Apple’s next Safari update will arrive with new ways to handle legacy plugins like Adobe Flash to provide users with a better browsing experience, improved performance, and greater battery life.
Safari 10 will also use the speedier and more stable HTML5 over Flash whenever possible.
Apple has never been a fan of Flash, which slows down your Mac, reduces battery life on notebook machines, and comes with all kinds of nasty vulnerabilities. It’s no surprise, then, that the company has been trying its best to kill the aging platform.
Its latest move makes life harder for Flash on OS X (soon to be macOS) without eliminating it altogether, so it’s there when you really need it, but inactive and unable to waste any resources when you don’t.
When you visit a website that supports both Flash and HTML5, Safari 10 will use the latter by default — simply because it’s much more efficient. You’ll notice content loads faster, doesn’t bog down your Mac, and doesn’t sap so much power.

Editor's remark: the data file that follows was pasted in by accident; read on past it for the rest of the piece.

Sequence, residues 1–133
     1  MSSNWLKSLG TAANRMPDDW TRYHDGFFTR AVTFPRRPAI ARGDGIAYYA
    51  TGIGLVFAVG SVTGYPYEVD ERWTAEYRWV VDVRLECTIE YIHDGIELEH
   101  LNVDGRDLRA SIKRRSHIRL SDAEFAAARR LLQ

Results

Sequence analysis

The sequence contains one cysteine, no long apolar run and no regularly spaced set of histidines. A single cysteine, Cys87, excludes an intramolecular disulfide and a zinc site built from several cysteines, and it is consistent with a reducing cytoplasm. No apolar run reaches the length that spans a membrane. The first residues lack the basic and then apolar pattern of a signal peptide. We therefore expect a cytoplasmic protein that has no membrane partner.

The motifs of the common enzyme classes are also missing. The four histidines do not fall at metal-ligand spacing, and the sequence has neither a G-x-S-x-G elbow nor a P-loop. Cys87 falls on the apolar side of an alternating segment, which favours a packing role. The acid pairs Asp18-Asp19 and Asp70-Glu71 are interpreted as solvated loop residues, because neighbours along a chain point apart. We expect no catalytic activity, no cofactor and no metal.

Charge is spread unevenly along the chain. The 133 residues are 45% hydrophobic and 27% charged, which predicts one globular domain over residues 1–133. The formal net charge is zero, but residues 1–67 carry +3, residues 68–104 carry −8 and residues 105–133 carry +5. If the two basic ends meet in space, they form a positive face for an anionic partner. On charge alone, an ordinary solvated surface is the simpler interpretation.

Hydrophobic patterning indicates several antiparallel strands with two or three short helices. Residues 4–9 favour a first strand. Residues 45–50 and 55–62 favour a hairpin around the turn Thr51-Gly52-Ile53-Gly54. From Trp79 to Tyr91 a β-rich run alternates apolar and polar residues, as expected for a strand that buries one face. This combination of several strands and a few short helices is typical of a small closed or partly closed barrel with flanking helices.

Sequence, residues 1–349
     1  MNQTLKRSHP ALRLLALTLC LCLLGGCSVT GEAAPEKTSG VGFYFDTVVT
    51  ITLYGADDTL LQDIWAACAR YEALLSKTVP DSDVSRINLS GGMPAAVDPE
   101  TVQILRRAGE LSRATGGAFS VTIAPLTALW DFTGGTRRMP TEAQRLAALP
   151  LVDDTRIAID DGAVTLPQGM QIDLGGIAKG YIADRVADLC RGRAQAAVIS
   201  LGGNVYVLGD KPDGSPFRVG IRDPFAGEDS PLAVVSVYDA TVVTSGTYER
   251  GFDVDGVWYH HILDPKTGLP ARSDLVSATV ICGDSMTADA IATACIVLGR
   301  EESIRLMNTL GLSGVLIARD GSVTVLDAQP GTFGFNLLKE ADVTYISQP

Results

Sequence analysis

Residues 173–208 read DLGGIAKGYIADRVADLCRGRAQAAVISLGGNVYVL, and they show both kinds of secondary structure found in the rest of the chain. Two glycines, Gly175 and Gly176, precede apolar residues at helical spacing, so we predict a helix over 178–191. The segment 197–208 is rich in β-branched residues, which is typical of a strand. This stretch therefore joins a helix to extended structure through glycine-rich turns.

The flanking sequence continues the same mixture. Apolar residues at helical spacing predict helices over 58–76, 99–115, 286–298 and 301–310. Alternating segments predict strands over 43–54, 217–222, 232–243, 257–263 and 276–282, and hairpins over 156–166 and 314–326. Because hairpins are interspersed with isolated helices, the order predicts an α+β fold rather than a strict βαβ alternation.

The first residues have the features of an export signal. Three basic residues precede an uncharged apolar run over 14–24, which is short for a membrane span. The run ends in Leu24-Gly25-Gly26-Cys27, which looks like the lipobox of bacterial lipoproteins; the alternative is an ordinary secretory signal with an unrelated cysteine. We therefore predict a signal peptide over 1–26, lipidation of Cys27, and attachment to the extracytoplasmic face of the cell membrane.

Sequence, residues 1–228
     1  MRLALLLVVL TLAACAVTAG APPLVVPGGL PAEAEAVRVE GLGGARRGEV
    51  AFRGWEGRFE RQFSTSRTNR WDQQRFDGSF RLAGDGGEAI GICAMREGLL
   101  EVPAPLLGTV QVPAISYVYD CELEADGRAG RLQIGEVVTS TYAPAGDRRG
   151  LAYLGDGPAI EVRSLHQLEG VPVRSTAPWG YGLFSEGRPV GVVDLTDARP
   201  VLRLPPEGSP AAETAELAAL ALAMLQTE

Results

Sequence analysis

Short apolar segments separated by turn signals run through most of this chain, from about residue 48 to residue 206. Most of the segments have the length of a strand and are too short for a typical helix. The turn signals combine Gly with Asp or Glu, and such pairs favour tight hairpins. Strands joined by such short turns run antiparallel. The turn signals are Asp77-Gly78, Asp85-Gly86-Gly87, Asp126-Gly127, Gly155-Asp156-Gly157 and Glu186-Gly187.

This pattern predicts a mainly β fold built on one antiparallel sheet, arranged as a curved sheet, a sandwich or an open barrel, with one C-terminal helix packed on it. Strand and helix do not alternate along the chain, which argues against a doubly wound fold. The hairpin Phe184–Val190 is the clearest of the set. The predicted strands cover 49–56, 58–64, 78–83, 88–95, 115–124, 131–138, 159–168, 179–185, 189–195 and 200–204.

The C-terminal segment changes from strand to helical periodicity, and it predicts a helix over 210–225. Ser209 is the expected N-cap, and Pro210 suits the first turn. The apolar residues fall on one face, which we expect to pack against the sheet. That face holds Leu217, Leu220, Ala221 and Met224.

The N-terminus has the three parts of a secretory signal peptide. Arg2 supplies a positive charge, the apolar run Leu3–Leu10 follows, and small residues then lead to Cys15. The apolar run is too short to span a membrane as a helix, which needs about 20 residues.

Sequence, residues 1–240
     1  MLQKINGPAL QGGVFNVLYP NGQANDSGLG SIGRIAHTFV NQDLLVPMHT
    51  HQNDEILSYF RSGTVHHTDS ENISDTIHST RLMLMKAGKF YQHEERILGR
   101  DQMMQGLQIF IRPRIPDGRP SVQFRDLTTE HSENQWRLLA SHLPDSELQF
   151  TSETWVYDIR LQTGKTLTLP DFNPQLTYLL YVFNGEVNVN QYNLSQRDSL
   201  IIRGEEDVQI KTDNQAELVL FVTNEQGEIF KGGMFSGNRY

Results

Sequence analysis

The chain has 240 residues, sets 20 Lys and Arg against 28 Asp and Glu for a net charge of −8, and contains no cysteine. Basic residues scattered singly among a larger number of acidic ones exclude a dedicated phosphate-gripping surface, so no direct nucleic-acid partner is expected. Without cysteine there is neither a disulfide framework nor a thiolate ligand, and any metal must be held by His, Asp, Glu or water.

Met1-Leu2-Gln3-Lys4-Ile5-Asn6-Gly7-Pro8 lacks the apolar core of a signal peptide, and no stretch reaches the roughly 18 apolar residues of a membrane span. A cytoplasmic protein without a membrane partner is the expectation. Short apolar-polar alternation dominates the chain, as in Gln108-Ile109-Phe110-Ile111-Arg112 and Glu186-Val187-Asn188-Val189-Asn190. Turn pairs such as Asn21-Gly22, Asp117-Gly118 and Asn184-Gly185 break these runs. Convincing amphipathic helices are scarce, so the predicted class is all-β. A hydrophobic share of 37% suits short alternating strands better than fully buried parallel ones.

When you visit a website that requires Flash, you’ll see a “Flash isn’t installed” message and a link to download the player from Adobe. However, when you click this link, Safari will then inform you Flash is available, and you’ll be able to load it.
You will then have the option to use Flash once on that site, or to automatically load it every time you visit. If you choose the second option, the plug-in remains enabled for that website so long as you visit the site more than once a month.
Safari 10 makes all this possible by fooling websites into thinking you don’t have legacy plugins installed. Not only does it block Flash, then, but also Java, Silverlight, and QuickTime, so that you only have to load them when there is no other option.
Safari 10 is already available inside the new macOS Sierra beta, and will be available for testing on OS X Yosemite and El Capitan this summer.